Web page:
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|T8 Lamps||Sep 20th 2011, 14:56||4||1,917||on 23/9/11|
|Part 15 and Plasma Televisions||Sep 14th 2011, 15:13||2||973||on 14/9/11|
|Common-Mode Interference from Cable System||Sep 13th 2011, 15:13||2||1,082||on 13/9/11|
|RFI from HVAC Systems||Sep 1st 2011, 19:08||2||937||on 1/9/11|
|RFI from Plasma TV||Sep 1st 2011, 17:20||3||1,877||on 13/9/11|
|Alignment of Vintage Shortwave Receiver - Pilot T-511||Aug 3rd 2011, 13:43||7||1,775||on 5/2/13|
|Grid Tie Pv INVERTER RFI concern||K7YDL||on 18/1/13|
|A friend has an SMA inverter and it's proven to be remarkably quiet. I forget the model number, but he has had no issues with it.|
|LED lamps and interferance||n1naz||on 30/5/12|
|From what I've seen so far, there can be a wide range of conducted emissions from LED bulbs, depending on model and manufacturer. I plan on testing a number of them in the near future.|
|30 meters QRN; 20, 40 quiet?||K2ADK||on 23/5/12|
|If the noise rolls off dramatically with frequency, one possibility might be a local RFI source. Walking around your neighborhood with a battery powered shortwave receiver might verify this possibility. Antenna resonances can also cause noise to peak at some frequencies.|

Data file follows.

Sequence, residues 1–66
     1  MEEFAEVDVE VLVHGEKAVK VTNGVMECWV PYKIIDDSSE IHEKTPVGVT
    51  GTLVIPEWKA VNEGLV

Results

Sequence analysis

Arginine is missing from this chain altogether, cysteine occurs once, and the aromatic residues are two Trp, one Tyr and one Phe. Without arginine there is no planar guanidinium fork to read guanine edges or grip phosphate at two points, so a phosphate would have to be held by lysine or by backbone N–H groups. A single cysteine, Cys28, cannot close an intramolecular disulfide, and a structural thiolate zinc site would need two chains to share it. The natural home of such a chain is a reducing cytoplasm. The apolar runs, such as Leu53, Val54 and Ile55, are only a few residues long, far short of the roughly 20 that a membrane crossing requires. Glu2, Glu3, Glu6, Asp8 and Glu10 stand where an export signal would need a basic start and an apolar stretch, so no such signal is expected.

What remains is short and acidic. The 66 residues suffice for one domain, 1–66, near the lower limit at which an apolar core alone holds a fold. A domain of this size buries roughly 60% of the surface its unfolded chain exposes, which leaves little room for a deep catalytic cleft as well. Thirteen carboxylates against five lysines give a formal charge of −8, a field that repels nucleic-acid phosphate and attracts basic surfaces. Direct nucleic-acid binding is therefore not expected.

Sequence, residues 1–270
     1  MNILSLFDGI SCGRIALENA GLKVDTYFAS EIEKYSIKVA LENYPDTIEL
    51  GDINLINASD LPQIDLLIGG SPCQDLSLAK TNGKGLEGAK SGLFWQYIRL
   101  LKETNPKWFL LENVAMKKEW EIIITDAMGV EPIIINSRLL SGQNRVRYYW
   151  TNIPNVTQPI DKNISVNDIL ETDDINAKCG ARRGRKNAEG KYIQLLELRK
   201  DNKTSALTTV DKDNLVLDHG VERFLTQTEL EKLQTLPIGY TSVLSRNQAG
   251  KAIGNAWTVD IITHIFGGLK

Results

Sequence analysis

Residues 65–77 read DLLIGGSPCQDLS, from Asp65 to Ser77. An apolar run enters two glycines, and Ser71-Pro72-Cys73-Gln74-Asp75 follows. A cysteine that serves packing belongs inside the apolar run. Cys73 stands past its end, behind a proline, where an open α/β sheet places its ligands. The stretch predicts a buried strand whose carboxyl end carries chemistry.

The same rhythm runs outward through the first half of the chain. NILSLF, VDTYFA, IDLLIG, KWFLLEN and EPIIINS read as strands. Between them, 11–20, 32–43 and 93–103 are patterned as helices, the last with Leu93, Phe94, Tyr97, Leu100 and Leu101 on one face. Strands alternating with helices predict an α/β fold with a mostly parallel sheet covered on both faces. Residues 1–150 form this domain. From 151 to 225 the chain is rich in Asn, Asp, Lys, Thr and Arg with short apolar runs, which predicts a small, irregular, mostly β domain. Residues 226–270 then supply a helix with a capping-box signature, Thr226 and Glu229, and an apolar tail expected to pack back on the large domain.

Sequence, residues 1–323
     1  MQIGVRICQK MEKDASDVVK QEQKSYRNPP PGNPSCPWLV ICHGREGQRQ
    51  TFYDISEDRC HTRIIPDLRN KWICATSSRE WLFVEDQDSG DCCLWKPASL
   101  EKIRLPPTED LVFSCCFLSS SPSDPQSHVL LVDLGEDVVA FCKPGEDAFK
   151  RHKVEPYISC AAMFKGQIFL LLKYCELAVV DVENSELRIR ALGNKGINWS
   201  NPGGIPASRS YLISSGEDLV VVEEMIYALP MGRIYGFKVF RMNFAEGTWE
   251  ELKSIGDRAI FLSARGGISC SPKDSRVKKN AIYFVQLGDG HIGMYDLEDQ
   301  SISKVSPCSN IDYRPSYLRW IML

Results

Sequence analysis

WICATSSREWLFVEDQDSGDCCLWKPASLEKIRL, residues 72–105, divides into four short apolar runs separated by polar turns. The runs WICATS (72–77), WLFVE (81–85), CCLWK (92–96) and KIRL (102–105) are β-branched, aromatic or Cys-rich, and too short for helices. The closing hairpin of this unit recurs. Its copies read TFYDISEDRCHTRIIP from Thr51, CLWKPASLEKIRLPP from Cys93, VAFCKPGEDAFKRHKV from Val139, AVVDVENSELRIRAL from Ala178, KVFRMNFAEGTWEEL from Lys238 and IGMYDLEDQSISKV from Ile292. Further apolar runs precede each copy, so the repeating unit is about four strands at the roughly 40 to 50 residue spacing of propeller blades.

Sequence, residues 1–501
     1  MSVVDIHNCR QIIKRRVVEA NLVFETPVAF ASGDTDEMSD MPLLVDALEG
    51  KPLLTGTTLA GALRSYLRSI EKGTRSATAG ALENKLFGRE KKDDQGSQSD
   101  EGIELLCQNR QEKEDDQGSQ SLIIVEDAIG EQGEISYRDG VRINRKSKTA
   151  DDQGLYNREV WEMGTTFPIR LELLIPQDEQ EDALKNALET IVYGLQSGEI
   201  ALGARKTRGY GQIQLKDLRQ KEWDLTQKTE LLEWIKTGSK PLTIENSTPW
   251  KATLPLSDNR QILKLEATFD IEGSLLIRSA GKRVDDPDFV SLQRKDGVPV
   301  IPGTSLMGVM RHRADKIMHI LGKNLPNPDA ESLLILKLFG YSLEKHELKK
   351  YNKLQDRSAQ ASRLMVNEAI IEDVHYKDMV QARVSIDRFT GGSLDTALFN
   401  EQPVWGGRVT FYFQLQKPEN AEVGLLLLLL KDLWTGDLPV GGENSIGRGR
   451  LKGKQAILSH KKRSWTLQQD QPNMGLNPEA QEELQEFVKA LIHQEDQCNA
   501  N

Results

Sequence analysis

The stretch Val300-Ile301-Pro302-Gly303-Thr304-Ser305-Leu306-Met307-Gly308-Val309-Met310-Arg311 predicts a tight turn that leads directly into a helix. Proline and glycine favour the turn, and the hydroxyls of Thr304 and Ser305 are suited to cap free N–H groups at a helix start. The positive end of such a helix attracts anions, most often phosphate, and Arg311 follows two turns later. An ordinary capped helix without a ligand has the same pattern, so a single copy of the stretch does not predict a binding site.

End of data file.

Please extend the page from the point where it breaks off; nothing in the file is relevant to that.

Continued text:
|Broad Band Interference||AC0XU||on 5/1/12|
|Just as an FYI, if the noise is caused by an arcing source, a bad doorbell transformer can cycle on and off. You should, however, be able to hear it in the AM broadcast band and well into the VHF spectrum, especially at close range. Be sure to use the AM mode when listening at VHF. It will also not exhibit any discernable pattern as you tune across the spectrum, such as a regular and repeating pattern of peaks and nulls.|
|75 Meter RFI Problems||W6LJK||on 28/12/11|
|This sounds like it might be a consumer device of some sort. Most likely it is located either in your home or a nearby residence. Typically, based on the signal levels that you report, the source will be within a couple hundred feet of your antenna.
Note: Because the noise varies with intensity as you tune across the 80 meter band, it is unlikely to be power line noise. Your power company is therefore not responsible for either finding or fixing the noise.
The first thing I would do is turn off the main breaker to your residence while listening to the noise with a battery powered radio. If the noise goes away, you can further isolate the source by hitting the individual breakers. Once you know the circuit, try removing devices on that circuit to find the culprit.
If the noise source is not in your house, it is likely in a nearby residence. Often times, the source is in an adjacent residence or on the same power transformer secondary system as the complainant. You can use this procedure on the RFI Services Web site to find the source: www.rfiservices.com/residence.htm
Additional locating information can be found in the ARRL RFI Book and the 2012 ARRL Handbook.